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Mom Sends Important PSA on Infant Etiquette After Her Newborn Contracts Herpes

An adorable baby is hard to resist, but sometimes it’s best to simply stay away.
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profile picture of Stephanie Grassullo
Associate Editor
Published
September 11, 2018
newborn is kissed causing herpes, parent holding newborn's hand
Image: iStock

The first few days with your newborn are an exciting time filled with bonding and awe. Unfortunately, one British couple’s early days of bliss were cut short when their 11-day-old stopped drinking milk and had a temperature that spiked throughout the night.

When Lucy Kendall and her partner Jaz Miller rushed Oliver, their baby, to the doctor, they were shocked to find out he had contracted neonatal herpes. After discovering herpes is often passed on when someone who has a cold sore kisses baby and spreads germs, Kendall turned to Facebook to send a reminder to others to stay away from little ones if they are infected.

The mother shares the awful details of her baby’s time in the hospital, with accompanying photos showing how much pain the child had to endure. “Oliver was put onto a heated bed with oxygen. He got a feeding tube put in, along with a long line and a number of cannulas,” she recounts.

After fighting for his life, the little trooper was finally able to come home—along with months of medications and more trips to the doctor.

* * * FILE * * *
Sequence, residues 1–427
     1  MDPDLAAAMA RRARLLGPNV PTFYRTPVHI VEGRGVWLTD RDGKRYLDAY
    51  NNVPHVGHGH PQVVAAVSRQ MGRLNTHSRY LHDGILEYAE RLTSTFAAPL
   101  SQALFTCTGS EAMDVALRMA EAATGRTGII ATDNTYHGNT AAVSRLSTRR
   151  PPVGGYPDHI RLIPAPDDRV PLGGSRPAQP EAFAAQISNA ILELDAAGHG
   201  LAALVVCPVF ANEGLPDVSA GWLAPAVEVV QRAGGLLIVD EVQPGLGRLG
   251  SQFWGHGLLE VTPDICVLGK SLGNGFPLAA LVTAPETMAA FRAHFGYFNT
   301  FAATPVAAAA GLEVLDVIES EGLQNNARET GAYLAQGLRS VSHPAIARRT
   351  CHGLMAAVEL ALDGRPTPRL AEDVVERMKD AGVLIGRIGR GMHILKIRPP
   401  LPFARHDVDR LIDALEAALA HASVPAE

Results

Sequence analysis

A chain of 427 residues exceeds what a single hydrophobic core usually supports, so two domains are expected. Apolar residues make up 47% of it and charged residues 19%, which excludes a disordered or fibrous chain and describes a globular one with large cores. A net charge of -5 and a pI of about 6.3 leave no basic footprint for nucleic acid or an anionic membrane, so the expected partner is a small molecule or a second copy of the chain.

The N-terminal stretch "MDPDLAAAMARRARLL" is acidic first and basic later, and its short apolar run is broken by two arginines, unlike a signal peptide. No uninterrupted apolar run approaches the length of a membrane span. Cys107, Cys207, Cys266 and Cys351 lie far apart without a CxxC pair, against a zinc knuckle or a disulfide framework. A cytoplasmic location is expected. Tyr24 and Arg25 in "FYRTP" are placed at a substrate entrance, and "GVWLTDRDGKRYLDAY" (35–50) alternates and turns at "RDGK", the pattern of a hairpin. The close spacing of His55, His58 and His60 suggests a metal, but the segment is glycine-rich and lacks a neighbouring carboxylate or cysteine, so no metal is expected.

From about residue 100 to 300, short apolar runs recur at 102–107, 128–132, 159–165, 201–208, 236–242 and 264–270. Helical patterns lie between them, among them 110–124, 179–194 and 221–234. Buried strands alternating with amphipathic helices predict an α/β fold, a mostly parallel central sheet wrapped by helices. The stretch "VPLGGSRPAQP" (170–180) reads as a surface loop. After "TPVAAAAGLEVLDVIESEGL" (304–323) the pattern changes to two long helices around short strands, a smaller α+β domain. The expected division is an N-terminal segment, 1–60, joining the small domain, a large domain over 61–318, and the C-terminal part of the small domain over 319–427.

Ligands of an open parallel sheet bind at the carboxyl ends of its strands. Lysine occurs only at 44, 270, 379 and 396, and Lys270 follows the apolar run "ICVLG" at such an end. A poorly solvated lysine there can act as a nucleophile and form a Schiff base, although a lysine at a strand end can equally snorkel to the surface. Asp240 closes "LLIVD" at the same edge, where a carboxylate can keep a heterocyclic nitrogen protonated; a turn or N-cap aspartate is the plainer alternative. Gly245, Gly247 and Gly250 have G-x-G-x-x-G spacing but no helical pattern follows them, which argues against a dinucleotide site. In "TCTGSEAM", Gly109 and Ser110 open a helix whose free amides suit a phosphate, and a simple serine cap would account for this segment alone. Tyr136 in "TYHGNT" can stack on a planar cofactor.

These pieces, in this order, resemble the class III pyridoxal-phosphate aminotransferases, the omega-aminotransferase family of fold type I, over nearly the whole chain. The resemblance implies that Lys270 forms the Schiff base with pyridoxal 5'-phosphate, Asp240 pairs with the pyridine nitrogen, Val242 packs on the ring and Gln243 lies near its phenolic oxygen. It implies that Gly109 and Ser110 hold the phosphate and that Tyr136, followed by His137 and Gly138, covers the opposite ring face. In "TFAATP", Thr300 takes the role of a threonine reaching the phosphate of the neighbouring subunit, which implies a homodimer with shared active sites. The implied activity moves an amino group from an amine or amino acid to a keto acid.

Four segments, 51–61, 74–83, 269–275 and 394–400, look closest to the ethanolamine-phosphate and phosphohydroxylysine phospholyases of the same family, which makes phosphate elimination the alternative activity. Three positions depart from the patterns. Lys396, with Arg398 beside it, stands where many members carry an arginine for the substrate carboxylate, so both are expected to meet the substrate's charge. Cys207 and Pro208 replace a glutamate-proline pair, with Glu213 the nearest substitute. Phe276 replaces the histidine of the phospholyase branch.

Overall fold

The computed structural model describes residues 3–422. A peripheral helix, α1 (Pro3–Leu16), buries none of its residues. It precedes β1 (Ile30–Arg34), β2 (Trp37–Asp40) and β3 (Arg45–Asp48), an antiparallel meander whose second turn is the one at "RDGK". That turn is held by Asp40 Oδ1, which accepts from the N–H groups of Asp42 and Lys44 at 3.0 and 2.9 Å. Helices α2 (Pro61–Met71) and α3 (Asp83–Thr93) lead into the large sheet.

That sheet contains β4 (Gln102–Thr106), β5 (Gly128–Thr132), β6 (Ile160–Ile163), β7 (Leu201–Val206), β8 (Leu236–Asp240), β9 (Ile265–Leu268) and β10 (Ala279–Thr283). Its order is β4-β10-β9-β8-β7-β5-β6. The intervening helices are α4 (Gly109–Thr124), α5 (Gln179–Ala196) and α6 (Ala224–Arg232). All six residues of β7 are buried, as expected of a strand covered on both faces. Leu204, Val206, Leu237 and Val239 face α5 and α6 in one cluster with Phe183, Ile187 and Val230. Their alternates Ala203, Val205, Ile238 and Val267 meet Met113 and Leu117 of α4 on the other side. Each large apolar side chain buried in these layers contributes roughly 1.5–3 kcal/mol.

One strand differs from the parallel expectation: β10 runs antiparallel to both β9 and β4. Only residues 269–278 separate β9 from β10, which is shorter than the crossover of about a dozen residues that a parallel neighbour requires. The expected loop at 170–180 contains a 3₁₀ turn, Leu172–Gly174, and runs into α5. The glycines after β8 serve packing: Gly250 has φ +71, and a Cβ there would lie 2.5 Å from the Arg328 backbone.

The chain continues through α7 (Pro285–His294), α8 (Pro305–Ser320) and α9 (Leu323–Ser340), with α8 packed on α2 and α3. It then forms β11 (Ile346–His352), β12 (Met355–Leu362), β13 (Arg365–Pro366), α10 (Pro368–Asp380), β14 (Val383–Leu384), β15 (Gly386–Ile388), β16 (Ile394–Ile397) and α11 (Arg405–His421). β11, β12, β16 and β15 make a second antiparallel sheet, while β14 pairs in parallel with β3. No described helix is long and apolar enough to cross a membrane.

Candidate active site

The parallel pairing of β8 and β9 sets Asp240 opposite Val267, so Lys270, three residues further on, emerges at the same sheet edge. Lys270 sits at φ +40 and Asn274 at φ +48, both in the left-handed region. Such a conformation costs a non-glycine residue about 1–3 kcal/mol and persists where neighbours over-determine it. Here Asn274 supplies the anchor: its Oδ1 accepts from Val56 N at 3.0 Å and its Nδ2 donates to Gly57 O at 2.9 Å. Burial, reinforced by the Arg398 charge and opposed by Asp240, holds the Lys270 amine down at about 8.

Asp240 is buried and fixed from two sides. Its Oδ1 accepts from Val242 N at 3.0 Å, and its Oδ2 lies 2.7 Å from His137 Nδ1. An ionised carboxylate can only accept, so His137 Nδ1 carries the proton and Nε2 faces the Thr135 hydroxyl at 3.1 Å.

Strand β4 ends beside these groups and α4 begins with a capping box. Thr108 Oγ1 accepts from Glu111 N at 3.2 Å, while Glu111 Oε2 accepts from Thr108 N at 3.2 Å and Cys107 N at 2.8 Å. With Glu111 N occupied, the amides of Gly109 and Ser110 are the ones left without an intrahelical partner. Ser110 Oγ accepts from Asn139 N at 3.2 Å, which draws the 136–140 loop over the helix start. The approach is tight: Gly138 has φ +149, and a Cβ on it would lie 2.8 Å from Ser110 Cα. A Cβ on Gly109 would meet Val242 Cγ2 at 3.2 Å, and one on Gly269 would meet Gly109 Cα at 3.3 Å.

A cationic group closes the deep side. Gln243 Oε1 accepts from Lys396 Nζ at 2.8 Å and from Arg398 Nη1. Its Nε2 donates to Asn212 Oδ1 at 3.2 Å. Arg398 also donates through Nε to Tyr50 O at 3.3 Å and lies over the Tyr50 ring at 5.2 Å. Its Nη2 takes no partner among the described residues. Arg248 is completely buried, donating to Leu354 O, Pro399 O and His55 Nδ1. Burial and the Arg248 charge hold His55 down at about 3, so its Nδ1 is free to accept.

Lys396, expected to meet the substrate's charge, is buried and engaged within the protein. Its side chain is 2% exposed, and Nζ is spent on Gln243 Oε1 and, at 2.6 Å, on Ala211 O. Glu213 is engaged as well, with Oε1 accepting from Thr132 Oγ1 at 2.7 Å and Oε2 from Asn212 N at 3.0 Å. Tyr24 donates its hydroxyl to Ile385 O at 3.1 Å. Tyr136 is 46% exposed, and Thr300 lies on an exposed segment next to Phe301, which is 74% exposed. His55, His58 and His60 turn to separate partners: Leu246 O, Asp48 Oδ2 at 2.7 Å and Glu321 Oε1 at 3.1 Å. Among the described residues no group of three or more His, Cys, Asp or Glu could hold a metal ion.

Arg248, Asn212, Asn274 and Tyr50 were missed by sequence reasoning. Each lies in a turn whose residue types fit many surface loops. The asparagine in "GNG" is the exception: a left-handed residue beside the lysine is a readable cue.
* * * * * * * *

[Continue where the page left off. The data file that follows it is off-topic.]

“Oliver spent 21 days in the hospital, and we finally get to go home with six months of antibiotics and visits to the hospital,” the mom shares.

She hopes others will learn from her story, and, at the very least, respect newborns’ space.

“Please respect a newborn baby and stay away if you have a cold sore. We’re the lucky ones! A few hours later this could be reading so differently. Keep your newborns safe,” she warns.

The Centers for Disease Control and Prevention (CDC) reports nearly 70 percent of Americans have the HSV-1 strain of the virus, which is associated with cold sores. You don’t need to have a cold sore flare up to pass this on, and there’s a good chance you don’t even know you have it. While there’s no cure, medications make adult herpes a very manageable disease. Unfortunately, the virus is much more serious for babies because infants under three months old don’t have the immune system to fight off herpes. If you think your baby may have contracted herpes, see a doctor immediately.

Sadly, Oliver isn’t the first baby to suffer from neonatal herpes. And a bunch of other moms have also taken to social media to remind people to be careful how they spread the love to baby.

Please note: The Bump and the materials and information it contains are not intended to, and do not constitute, medical or other health advice or diagnosis and should not be used as such. You should always consult with a qualified physician or health professional about your specific circumstances.

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